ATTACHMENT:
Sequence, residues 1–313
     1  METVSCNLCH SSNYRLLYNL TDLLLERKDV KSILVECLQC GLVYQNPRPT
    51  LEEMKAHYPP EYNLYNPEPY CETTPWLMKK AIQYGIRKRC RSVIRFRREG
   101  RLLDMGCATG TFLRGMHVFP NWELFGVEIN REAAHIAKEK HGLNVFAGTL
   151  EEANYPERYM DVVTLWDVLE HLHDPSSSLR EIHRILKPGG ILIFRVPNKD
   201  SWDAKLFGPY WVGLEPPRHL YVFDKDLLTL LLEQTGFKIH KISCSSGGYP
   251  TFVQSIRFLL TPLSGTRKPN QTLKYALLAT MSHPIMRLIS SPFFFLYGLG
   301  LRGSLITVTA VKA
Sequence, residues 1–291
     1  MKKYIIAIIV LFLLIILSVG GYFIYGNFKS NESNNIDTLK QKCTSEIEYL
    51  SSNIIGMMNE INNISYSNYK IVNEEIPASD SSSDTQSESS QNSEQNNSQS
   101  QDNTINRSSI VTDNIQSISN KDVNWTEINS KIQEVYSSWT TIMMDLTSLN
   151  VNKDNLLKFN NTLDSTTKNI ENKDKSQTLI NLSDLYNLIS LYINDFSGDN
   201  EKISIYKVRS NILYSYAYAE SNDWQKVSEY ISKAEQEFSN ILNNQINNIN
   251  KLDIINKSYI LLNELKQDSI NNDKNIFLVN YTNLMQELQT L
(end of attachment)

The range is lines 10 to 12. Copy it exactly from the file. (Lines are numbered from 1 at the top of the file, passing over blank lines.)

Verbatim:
     1  MKKYIIAIIV LFLLIILSVG GYFIYGNFKS NESNNIDTLK QKCTSEIEYL
    51  SSNIIGMMNE INNISYSNYK IVNEEIPASD SSSDTQSESS QNSEQNNSQS
   101  QDNTINRSSI VTDNIQSISN KDVNWTEINS KIQEVYSSWT TIMMDLTSLN